Excellent writing from Kate Swaffer, with links to some of her previous posts. Her blog is essential reading for anyone who works with people living with dementia.
World Dementia Council members 2016
It is already mid January 2017, and I’ve not yet posted a blog, so am hoping to rectify the today! I started this ages ago, but have had trouble paddling since December so have not achieved very much at all. Anyway, it may be worth looking back and reflecting as we prepare for yet another year. The years certainly fly by so quickly as one gets older, which I wrote about many years ago, but cannot find that particular blog.
As I have a lot of new followers of this blog, I thought I’d highlight a few from over the years (easier than writing a new one, by the way!). The grief of dementia is one of the most unspoken of topics, not our grief families feel as we change and lose function, then die, but the grief we feel as we lose capacity and as our abilities change to disabilities, and we are…
Kasia’s research aims to improve sustainable acute care health delivery for an ageing population, while her clinical experience includes general medical and acute palliative care. In her PhD, Kasia developed an approach to measure nurse-sensitive outcomes, which is currently being used to evaluate a Government-funded implementation of a cognitive identifier. Kasia has a passion for identifying and researching the structures and processes which impede or enable quality patient care, and sharing her learning and inquiry with nursing students, industry and professional groups. Here, Palliverse asks her about her latest research project and dipping her toe into the world of social media.
Delirium is a common, distressing complication of life-limiting illness, yet poorly understood, often misdiagnosed and poorly managed. The Australian Commission on Safety and Quality in Health Care (ACSQHC) recently launched its Delirium Clinical Care Standard. I was fortunate to attend the official launch event on 15th July 2016 – the stand-out of which was the powerful story of Michael, as told by his wife Joan Jackman, who was Community Representative on the Delirium Clinical Care Standard Working Group.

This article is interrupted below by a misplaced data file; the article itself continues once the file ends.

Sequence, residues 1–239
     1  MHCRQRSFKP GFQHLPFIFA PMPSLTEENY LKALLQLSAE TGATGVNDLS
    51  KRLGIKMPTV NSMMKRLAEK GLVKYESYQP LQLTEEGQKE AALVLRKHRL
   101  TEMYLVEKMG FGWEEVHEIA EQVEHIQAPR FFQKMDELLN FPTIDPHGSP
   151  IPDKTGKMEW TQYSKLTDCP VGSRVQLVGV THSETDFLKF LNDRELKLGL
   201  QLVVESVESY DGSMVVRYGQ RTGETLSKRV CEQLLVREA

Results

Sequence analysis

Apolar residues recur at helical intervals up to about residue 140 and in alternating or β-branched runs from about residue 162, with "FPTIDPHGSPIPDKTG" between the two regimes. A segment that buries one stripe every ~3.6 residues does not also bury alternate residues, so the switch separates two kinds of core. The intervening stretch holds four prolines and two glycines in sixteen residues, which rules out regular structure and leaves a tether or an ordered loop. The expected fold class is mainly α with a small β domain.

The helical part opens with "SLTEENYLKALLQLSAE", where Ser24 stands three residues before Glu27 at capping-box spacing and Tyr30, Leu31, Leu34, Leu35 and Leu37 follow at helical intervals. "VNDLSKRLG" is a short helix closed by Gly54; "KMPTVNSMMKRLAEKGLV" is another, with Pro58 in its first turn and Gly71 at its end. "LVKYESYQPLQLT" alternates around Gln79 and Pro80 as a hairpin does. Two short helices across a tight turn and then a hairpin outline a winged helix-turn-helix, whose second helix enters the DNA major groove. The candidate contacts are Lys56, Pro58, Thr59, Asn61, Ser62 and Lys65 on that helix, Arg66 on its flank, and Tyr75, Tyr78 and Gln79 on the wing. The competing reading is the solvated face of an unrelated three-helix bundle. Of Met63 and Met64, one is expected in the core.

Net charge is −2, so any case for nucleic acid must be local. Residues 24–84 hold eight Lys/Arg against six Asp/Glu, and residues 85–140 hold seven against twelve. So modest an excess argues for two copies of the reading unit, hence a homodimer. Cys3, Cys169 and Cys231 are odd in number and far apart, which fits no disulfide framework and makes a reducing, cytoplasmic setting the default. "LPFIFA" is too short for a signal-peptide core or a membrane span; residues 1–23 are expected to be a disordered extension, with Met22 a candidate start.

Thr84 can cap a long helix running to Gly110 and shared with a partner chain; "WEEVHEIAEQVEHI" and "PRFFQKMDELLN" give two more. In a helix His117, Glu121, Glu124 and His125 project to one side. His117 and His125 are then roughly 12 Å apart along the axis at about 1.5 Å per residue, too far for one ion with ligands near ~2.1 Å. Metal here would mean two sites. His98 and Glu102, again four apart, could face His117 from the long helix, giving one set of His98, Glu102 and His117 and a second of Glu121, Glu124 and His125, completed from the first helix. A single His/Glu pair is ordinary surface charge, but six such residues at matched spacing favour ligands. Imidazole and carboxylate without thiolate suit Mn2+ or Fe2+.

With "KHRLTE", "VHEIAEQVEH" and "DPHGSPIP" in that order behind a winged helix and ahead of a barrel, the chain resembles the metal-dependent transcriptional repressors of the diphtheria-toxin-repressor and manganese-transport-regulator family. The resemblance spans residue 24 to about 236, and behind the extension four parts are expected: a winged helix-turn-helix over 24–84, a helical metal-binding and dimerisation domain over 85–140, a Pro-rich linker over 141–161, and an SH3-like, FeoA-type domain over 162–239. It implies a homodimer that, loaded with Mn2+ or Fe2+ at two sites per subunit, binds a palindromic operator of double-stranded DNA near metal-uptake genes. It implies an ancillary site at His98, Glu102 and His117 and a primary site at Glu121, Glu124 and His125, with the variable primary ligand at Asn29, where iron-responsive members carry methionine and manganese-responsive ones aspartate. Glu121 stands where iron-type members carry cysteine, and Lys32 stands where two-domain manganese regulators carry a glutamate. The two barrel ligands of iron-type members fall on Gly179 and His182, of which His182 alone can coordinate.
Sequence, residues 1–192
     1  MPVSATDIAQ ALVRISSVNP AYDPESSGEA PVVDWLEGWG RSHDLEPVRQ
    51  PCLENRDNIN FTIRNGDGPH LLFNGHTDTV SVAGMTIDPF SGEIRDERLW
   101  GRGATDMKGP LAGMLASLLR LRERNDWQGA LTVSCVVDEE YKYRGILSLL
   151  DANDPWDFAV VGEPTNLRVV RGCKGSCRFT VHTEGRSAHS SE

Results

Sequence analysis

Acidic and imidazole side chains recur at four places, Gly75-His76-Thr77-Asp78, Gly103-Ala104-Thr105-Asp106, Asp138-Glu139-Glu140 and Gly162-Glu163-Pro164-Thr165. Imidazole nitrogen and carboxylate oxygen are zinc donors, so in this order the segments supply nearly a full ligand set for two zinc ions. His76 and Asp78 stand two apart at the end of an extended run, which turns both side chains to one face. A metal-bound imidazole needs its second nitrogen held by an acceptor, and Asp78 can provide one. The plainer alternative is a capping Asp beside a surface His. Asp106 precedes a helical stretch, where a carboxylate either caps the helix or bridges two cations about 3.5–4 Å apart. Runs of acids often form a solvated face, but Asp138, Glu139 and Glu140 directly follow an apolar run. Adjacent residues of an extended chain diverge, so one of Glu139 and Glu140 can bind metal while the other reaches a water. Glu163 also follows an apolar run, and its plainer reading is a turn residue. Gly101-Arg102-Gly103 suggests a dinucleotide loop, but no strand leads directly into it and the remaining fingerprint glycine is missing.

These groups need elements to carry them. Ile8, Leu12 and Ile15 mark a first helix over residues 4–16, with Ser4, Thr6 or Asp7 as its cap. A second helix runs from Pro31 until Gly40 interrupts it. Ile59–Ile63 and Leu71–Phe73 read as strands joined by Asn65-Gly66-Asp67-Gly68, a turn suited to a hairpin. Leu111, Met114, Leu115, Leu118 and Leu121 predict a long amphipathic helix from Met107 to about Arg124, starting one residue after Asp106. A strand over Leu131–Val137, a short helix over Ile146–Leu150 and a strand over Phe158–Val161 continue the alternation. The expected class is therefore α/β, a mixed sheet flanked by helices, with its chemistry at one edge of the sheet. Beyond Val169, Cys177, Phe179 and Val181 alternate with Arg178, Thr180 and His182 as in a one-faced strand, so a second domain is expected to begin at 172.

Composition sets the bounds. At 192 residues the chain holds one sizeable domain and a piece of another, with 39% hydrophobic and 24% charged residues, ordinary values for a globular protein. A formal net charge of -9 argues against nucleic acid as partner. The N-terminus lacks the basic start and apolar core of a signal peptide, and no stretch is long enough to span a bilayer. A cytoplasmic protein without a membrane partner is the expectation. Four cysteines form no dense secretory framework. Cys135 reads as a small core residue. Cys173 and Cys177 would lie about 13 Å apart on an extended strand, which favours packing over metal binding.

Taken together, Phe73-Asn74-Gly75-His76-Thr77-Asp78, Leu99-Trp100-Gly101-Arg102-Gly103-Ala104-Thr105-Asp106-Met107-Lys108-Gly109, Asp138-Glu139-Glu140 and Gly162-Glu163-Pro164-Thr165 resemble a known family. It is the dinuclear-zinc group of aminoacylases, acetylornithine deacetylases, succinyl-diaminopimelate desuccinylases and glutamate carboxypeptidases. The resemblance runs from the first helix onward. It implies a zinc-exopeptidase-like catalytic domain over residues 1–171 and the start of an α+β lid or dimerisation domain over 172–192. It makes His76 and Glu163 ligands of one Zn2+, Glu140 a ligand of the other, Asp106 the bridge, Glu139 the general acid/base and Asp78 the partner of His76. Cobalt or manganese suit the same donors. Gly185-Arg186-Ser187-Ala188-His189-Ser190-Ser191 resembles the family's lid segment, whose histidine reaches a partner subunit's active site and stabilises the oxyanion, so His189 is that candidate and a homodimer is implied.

She has kindly allowed me to reproduce her speech here and I hope it will spark discussion about delirium, what we can learn from Michael and Joan’s experience, and how we can do better.
Michael loved the Australian bush. Photo: Wayne Robinson
‘Every medical condition is about a person with an individual history, friends and family, and a personal story. The person in the centre of this story is my husband Michael – a healthy, fit, intelligent man – who had been a fitness trainer in the British Air Force before becoming a British-trained Remedial Gymnast in Rehabilitation, for people with a disability. He was an elite sportsman, with a love of life, and also for his family.
Around the age of fifty-nine or sixty, Michael began to experience changes, utmost being that he became increasingly disengaged –with us, and with life! Something was wrong! We sought help. After three misdiagnoses and six years, Michael was finally diagnosed with a Younger Onset Dementia. He was by then, 66 years old. Continue reading →